For brands looking to take customer interactions to the next level, we're in a new era in conversational AI. If you've ever been on the receiving end of a wrong reply or misinterpreted AI command, you'll know it can make you question the validity of everything the bot has to say. ChatGPT is looking to bridge the gap between AI and direct customer engagement with its new plug-in architecture.
How do brand plug-ins work?
Companies like Instacart, Kayak, and Klarna are already using ChatGPT’s plug-ins to seamlessly integrate their platforms with users.
With the Kayak plug-in enabled, a potential customer headed on a trip can ask ChatGPT open-ended questions like, "How much would it cost to travel to Bali in September?" and the system will relay Kayak's data.
Or if a person is tasked with preparing a celebratory meal for their partner, they can ask ChatGPT, "What's the best meal to cook for my wife's birthday?" and receive recipe ideas with an ingredient list to turn into an Instacart order.
In addition to driving more revenue for brands, plug-ins solve one of the most significant issues of AI-powered platforms: accuracy. With full knowledge of a brand's data in tow, ChatGPT will be able to effortlessly answer any question a potential customer may have.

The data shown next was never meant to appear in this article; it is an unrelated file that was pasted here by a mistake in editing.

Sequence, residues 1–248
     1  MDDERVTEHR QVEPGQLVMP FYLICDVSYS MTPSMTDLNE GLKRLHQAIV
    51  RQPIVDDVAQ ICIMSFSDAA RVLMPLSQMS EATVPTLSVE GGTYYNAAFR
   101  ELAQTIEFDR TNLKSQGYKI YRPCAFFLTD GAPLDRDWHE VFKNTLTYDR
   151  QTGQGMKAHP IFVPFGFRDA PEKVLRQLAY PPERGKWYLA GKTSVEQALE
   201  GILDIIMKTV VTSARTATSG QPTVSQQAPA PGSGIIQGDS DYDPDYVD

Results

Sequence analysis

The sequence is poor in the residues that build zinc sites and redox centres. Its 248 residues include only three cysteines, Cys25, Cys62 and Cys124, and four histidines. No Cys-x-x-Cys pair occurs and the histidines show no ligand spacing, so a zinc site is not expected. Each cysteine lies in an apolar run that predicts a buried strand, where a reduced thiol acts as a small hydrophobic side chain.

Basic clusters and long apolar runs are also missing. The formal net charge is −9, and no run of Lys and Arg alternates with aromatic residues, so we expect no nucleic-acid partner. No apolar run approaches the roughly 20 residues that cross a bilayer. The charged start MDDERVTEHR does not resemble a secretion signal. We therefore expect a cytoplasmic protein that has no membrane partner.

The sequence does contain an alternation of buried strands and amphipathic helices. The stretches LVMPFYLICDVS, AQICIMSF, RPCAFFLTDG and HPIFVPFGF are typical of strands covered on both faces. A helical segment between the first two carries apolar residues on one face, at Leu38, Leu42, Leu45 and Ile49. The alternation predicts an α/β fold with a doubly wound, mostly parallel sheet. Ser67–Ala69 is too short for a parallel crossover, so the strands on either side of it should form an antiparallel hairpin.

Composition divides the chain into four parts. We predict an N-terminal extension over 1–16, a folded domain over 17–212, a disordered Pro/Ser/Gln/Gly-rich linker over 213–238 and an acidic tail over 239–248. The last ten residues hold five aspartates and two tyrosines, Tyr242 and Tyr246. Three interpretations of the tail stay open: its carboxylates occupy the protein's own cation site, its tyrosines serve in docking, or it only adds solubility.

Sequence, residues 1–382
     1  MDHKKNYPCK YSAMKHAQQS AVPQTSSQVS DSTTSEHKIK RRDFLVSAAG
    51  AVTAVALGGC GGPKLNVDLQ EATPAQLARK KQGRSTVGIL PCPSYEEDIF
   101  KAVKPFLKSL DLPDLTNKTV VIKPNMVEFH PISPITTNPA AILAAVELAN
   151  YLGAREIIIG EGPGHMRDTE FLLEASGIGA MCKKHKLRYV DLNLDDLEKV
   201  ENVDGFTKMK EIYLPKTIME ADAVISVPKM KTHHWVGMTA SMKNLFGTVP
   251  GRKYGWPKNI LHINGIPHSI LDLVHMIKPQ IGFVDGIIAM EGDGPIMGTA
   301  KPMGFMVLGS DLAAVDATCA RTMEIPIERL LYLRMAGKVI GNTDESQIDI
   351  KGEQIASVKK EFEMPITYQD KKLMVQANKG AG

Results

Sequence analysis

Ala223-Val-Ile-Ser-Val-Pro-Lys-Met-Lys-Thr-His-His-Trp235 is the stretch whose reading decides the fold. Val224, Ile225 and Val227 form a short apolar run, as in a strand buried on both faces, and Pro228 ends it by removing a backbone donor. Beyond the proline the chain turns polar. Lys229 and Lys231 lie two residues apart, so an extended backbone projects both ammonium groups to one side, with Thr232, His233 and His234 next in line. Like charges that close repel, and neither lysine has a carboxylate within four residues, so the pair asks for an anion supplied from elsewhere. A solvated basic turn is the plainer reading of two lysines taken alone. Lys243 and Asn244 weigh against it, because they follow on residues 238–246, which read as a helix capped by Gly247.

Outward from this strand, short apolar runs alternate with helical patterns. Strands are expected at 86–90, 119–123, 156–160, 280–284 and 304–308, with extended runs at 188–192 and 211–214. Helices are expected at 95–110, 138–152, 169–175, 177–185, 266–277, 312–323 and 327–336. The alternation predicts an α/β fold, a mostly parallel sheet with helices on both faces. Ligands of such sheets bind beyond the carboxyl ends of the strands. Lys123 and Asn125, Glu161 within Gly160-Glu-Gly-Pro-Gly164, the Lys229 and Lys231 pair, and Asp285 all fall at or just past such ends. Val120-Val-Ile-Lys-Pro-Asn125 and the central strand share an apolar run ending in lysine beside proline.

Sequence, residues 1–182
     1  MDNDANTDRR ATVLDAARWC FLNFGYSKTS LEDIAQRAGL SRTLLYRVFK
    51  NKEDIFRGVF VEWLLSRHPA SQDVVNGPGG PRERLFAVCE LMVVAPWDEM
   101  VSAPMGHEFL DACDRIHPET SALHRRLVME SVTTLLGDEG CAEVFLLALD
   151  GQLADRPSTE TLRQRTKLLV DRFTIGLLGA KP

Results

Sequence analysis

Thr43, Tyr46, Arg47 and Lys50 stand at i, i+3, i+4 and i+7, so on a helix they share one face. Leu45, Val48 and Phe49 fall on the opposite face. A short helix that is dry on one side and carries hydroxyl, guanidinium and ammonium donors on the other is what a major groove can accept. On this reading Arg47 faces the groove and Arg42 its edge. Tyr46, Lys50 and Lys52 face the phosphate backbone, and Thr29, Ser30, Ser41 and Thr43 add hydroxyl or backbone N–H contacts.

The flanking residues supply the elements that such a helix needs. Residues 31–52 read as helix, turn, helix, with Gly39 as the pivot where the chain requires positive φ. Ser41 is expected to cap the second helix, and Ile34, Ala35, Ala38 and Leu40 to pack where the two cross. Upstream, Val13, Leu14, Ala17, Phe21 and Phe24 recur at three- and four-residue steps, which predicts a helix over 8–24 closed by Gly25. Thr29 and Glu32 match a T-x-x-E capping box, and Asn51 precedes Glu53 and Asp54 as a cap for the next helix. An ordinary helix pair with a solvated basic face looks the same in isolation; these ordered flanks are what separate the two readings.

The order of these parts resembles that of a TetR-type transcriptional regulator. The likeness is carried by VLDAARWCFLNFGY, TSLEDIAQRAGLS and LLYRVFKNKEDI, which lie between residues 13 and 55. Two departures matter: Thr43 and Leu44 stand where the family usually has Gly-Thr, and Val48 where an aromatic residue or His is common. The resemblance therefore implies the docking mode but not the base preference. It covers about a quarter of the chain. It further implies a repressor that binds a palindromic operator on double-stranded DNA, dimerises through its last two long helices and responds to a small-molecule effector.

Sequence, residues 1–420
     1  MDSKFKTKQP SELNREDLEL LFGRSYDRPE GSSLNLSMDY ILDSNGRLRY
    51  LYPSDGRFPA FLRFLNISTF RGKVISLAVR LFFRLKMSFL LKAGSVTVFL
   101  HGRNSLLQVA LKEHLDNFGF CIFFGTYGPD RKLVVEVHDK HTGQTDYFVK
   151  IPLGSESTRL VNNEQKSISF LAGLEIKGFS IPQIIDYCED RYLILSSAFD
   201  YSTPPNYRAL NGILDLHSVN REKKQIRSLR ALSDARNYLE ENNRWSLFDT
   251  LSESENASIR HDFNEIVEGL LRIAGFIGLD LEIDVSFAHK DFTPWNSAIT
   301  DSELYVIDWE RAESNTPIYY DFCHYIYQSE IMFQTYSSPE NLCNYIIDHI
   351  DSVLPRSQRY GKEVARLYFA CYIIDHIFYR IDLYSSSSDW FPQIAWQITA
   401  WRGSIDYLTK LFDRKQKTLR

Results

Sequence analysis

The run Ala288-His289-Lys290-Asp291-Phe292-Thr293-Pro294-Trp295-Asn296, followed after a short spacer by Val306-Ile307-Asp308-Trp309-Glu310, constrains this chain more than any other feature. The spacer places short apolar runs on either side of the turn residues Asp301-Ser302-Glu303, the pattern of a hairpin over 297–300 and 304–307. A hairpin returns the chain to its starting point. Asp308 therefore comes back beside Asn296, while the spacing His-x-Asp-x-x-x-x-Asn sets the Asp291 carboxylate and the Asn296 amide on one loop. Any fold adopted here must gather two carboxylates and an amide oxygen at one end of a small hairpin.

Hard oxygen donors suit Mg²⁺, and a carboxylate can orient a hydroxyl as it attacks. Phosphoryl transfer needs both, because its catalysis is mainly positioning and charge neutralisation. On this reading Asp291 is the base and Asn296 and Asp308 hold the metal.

How should brands prepare?
For starters, brainstorm ways to integrate your brand's digital experience with ChatGPT's plugin architecture. How can you provide personalized, contextual journeys for your customers within a conversational framework? Another way of thinking about it might be: what information do I wish I could more easily convey on my website without needing to rebuild or redesign my site? What would make the digital experience more user-friendly and dynamic? Next, examine how the early adopters are leveraging AI. Take note of the nuances that make their integrations successful and start mapping out ways to optimize your customers' experiences with your own plugin. But look before you leap. The first-to-market plugins are revealing issues with UI/UX on apps and websites. If you are pushing buyers to make a purchase - á la Instacart - ChatGPT can't process the purchase, it will redirect back to the brand's e-commerce platform.
Lastly, there are security concerns. With plugins, ChatGPT can now interact with live websites, PDFs, and real-time information which has opened a whole new world of possibility and risk. Security researchers are warning ChatGPT users of "prompt injections," which essentially means that third parties can "hack" the AI responses by adding commands to content that would change the information the user receives without his knowledge.
Is all of this terrifying, or terrifyingly exciting? It's surely a bit of both. Staying close to this topic is critical for understanding and preparing for the next chapter of how consumers will behave and businesses will operate.
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